Acquisition Due Diligence


First Rule-of-Thumb: Don't Buy the NOI

  1. It's an aggregate of all the leases, not a clear picture of the good, bad and ugly ones.

  2. It's a byproduct of operating expenses and reimbursements, which may not be reliable. (Expense reimbursements isn't income - shouldn't be capitalized.)

  3. Finally, it ignores the possible high cost of rollovers, which is reported below the NOI line.

This is why you should buy Rental Revenue and Cash Flow instead.


Second Rule-of-Thumb: Buy Rental Revenue and Cash Flow

In order to evaluate the income producing potential of the asset it's necessary to examine revenue, prior to expense or reimbursement considerations.

This way:

  1. You can evaluate each lease on its own merits.

  2. You won't be fooled by revenue which evaporates upon management changes or tenant rollover.

  3. You can factor-in the cost of rollovers, especially since they vary greatly between different property types.

Separating Scheduled Rental Revenue and Cash Flow from the NOI is why you must do a lease-by-lease cash flow analysis.


Third Rule-of-Thumb: Lease-by-Lease Cash Flow Analysis

The real driving force is the lease itself, as well as the cash flow derived from it. Since each lease and every space is a separate profit center, the sum of these profit centers is the economic value of an asset. Hence, the reason a cash flow analysis must be done on a lease by lease basis. Furthermore why sophisticated software, such as ARGUS, is needed to do these models.

In addition to arriving at a good and fair price, a cash flow analysis also reveals the marketing and leasing patterns that gives rise to these cash flows.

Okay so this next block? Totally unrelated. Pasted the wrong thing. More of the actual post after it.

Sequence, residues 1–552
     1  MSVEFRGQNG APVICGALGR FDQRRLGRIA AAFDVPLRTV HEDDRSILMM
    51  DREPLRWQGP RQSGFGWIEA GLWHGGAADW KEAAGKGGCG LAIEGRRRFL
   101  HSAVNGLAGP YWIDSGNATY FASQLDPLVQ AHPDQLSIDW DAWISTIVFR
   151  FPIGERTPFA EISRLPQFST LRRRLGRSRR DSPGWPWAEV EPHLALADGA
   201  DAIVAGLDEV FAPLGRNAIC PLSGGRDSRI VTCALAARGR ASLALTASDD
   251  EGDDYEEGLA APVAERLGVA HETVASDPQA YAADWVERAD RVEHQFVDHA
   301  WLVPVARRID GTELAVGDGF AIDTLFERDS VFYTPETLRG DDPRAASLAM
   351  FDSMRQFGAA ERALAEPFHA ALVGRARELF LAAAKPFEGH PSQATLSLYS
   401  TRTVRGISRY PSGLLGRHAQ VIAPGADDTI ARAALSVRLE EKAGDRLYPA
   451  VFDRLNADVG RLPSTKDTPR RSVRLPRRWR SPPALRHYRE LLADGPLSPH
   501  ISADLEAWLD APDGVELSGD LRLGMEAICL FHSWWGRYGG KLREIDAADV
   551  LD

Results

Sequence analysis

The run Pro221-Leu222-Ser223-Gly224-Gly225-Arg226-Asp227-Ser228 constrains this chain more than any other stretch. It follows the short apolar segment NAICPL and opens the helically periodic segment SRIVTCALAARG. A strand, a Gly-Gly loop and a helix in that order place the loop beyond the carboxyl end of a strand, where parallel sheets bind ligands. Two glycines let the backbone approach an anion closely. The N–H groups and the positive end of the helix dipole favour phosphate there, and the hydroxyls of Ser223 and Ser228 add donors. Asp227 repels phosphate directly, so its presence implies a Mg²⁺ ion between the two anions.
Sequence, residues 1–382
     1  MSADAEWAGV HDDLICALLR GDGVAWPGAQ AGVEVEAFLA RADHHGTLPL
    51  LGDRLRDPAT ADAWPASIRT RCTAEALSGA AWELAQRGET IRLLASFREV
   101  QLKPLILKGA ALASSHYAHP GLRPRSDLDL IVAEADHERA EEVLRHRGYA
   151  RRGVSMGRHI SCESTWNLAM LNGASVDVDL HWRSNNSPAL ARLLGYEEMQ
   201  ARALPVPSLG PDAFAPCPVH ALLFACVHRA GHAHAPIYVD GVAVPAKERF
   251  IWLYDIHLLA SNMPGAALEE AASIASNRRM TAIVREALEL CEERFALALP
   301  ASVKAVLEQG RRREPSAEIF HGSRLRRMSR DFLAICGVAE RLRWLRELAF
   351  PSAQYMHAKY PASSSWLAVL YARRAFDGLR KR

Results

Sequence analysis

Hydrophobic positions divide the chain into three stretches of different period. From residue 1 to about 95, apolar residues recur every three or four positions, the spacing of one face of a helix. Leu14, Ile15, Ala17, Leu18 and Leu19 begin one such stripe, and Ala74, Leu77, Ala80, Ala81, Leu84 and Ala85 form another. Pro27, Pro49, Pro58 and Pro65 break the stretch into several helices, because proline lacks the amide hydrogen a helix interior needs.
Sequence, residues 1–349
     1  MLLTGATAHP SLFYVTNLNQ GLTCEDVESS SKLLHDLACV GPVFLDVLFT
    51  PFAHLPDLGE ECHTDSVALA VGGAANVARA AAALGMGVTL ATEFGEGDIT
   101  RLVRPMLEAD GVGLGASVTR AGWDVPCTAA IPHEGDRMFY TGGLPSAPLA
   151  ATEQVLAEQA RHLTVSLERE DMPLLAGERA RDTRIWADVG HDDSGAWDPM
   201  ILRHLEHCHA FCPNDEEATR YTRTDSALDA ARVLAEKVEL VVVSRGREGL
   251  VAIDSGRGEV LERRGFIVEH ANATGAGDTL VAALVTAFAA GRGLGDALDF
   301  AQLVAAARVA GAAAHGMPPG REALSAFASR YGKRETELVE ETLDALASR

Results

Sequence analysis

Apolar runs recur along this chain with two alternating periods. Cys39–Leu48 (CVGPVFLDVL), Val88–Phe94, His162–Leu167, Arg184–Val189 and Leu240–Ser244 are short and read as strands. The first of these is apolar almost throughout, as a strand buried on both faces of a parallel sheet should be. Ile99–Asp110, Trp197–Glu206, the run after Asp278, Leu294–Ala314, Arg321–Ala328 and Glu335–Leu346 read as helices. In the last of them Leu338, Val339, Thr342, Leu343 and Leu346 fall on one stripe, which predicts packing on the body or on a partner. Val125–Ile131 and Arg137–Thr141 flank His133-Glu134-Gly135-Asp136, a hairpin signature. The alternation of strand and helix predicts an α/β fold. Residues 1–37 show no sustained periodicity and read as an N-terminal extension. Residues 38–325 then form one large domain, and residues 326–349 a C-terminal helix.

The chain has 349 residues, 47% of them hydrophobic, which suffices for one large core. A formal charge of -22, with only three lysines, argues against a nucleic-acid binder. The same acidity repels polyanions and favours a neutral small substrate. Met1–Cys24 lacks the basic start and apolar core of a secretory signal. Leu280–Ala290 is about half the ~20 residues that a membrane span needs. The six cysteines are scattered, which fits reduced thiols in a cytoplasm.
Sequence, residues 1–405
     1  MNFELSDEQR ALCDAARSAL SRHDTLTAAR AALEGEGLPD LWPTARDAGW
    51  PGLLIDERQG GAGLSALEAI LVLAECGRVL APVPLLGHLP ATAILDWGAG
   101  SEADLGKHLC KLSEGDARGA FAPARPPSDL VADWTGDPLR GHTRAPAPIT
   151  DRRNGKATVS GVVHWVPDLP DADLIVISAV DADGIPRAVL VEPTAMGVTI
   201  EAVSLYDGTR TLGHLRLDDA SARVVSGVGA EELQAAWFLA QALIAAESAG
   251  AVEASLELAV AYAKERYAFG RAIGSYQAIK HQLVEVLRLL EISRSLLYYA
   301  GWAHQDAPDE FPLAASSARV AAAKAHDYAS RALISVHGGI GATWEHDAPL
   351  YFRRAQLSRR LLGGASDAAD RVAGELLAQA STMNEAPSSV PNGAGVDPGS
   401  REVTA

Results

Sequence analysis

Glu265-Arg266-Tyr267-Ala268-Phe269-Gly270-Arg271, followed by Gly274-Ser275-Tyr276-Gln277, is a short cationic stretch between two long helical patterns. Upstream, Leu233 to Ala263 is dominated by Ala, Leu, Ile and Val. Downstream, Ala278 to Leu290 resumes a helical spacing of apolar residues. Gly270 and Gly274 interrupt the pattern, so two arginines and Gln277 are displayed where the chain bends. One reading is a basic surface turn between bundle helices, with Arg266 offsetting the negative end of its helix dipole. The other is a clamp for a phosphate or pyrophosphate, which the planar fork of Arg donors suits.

These patterns inform them whether there's room for immediate revenue improvements or more cost effective ways of managing the asset, for example. If not immediate, they can help develop the long range marketing and leasing strategy needed to enhance the future value of the asset.

All of this makes for a strategic approach to Acquisition Due Diligence.


Case Study

This strategic approach was used to value a historic, 1901 office building in the heart of downtown Denver.  Rather than wait for the current owners to finish improving and reletting key space in the building, we were able to establish its value upon completion, accounting for the capital improvements and leasing costs of getting there. The net result was a "net equivalent" price. To the untrained eye, it may appear "expensive" today, but it will actually prove to be an astute investment tomorrow.

Everyone got what they wanted, the current owners were offered the highest fair market value (without having to do the work), while the buyers were assured of not paying too high a price. A classic example of Acquisition Due Diligence.


As for the Rest . . .

After a lease by lease cash flow analysis is performed on each profit center, and after a thorough analysis of reserves for rollover, then it's time to focus on operating expenses, reimbursements and the NOI. The rest will take care of itself.


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